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FEATURE STORY

India: A Conversation With World Bank Country Director in India on Disaster Recovery Efforts in Uttarakhand

November 11, 2013

In the month of June this year, Uttarakhand, endowed with vast natural resources and one of the most frequented tourist and pilgrimage destinations in India, suffered unprecedented rainfall, devastating the towns of Kedarnath, Rambara, Gaurikund and others.

The World Bank team fast tracked its preparation to help the state in its post disaster recovery plans as well as strengthen its capacity for disaster risk management.

Read an interview with World Bank country director in India, Onno Ruhl, where he emphasizes the need to build back smarter so that the state’s fragile mountain environment is not undermined.

Q. What are the key components being supported under the Uttarakhand Disaster Recovery Project?

Disasters such as the one that struck Uttarakhand recently can roll back decades of development. Our new project–Uttarakhand Disaster Recovery Project–will focus on helping the state government with both immediate relief and reconstruction efforts as well as in disaster preparedness.

While the project will help rebuild houses, public buildings and small roads and bridges, as well as bridle paths, the government of Uttarakhand insists that we should make sure that what we rebuild is located in the safest place possible and built in a way that supports the fragile environment as much as possible. The motto of the project is to “build back better”.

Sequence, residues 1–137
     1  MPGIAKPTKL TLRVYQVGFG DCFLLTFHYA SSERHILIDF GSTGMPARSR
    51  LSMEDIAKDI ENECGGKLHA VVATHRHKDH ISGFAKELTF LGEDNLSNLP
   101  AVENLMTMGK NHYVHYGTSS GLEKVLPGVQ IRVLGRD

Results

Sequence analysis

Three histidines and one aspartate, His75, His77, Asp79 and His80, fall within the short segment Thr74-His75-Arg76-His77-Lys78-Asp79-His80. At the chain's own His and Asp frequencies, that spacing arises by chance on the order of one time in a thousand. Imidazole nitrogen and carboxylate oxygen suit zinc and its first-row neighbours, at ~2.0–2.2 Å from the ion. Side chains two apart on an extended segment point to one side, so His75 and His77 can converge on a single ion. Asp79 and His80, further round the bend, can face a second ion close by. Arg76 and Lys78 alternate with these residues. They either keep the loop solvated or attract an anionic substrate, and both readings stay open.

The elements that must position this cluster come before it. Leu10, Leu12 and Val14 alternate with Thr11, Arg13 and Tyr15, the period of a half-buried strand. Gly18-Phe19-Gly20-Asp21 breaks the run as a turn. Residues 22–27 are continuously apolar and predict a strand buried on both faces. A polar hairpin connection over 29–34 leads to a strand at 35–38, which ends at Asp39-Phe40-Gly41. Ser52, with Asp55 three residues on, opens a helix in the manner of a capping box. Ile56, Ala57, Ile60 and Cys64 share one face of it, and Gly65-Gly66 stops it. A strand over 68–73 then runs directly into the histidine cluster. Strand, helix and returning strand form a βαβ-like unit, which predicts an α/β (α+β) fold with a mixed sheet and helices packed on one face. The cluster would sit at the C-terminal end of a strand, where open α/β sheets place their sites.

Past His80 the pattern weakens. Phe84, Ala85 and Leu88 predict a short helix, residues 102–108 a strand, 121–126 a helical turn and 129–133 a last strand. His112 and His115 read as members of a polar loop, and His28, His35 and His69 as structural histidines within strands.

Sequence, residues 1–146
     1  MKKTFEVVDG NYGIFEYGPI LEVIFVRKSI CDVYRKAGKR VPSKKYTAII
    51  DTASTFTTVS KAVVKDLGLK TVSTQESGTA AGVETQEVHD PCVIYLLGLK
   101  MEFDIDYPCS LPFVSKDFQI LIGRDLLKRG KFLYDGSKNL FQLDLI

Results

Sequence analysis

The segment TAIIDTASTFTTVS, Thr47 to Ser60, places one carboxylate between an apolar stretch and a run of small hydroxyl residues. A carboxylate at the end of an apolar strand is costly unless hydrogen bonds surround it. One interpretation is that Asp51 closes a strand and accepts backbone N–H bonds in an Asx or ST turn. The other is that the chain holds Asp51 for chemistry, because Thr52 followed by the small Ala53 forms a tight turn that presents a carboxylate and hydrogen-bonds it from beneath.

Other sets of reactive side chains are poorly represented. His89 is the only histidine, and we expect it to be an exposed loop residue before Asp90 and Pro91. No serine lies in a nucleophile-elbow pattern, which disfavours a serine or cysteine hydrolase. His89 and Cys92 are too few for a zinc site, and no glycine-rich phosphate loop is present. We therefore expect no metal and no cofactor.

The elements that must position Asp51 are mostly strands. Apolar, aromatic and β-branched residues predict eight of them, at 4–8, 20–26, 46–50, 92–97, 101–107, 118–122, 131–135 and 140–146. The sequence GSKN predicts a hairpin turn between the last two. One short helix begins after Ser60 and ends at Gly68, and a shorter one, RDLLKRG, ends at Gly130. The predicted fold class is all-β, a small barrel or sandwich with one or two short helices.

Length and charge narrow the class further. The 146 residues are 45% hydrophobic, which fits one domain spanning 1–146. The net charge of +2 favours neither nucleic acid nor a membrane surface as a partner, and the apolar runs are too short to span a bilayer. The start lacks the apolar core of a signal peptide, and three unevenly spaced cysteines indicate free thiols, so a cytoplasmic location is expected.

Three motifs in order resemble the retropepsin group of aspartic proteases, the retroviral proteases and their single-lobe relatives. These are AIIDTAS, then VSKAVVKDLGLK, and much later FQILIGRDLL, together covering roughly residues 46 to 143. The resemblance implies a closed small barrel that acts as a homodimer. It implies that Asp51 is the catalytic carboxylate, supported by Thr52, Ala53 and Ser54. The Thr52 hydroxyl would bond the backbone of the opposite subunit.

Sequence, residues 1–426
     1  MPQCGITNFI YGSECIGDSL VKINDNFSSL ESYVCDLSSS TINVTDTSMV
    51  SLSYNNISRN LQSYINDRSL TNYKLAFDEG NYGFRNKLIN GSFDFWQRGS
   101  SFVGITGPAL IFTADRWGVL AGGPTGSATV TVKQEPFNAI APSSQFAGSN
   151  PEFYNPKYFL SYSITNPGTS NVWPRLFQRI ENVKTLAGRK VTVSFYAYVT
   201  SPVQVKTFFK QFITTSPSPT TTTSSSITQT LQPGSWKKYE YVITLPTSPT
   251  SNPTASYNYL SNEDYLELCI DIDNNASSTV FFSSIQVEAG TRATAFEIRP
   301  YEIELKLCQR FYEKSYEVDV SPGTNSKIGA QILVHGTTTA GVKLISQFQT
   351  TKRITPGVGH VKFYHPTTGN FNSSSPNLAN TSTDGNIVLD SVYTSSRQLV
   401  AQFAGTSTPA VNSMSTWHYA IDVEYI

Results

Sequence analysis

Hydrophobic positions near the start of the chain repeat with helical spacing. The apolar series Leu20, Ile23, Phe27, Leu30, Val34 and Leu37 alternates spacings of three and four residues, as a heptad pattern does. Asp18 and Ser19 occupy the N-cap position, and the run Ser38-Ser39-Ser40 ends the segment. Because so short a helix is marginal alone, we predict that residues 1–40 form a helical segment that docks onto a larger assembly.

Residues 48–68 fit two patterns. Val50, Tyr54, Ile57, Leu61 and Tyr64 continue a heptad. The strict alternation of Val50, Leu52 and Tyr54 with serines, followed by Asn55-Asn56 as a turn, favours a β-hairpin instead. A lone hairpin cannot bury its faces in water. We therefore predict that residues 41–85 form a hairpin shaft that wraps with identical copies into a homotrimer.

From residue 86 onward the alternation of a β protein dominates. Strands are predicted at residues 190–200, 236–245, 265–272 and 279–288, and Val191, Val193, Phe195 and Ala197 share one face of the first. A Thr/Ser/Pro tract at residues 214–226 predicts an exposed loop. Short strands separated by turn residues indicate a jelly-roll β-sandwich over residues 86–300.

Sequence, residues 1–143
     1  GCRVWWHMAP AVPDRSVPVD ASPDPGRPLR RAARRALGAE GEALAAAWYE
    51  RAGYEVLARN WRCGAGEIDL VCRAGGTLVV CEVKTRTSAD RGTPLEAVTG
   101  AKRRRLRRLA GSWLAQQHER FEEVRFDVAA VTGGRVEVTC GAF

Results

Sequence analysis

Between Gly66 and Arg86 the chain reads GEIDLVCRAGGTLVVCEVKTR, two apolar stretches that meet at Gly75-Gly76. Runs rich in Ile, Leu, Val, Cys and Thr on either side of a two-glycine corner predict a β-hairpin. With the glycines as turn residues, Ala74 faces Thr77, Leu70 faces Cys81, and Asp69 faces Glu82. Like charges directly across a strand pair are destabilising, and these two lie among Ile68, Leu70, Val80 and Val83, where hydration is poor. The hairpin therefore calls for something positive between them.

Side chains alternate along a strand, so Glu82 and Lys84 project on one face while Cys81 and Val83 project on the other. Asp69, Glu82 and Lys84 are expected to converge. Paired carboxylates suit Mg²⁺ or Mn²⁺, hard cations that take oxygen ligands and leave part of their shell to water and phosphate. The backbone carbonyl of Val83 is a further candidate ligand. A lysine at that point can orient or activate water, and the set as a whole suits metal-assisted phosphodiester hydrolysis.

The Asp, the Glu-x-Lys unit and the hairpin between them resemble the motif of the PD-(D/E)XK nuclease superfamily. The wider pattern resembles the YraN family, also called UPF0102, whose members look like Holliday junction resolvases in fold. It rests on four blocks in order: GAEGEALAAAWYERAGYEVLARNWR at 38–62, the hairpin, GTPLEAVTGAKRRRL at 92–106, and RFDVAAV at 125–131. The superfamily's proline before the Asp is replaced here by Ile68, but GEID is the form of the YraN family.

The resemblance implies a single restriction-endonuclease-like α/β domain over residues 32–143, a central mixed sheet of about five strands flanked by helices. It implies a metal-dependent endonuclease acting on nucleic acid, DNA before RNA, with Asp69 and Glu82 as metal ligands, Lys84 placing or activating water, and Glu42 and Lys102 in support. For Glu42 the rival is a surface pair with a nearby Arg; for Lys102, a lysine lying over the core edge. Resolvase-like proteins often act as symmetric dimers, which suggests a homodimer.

Therefore, to ensure that recovery is targeted, effective and more resilient to future calamities, the project is incorporating lessons from previous disaster recovery efforts both in India and the world. This includes putting in place information and communication systems that can provide early warning to people likely to be impacted.

Q. Does the World Bank fast track projects for disaster reconstruction?

The government of India requested the ADB and the World Bank for support at the end of July. Since winter is harsh in these parts, it was important for us to help shelter the people before the winter set in. Accordingly, a team was sent to Dehradun the day the request was received and the project was prepared in a little over two months as opposed to a 12 month preparation period. Our staff will continue to work out of Dehradun to deliver results on the ground in as short a time as possible.

Q. How will the project help in future preparedness?

Since 1999, when the Super Cyclone hit Odisha, our National Cyclone Mitigation Project has focused on increasing disaster preparedness, and also building shelters.

The system was severely tested two weeks ago when Cyclone Phailin hit Odisha. One million people were evacuated in time, with minimum loss of human life. We are happy that our collective efforts, led by the government of Orissa, Andhra Pradesh and the National Disaster Management Authority (NDMA) were able to achieve this. However, there is still work to be done in rebuilding smarter so that physical damage too is reduced.

Nonetheless, it needs to be borne in mind that while a cyclone can be seen approaching over the sea days in advance, this is not the case for a cloud burst. This makes preparedness much more difficult in Uttarakhand, calling for better and more detailed meteorological information.

More importantly, the timely dissemination of this information through various channels of communication, including SMS messages, is critical, especially in a mountainous area where dissemination has to be even faster than in a cyclone. This is a clear area for us to focus on in Uttarakhand.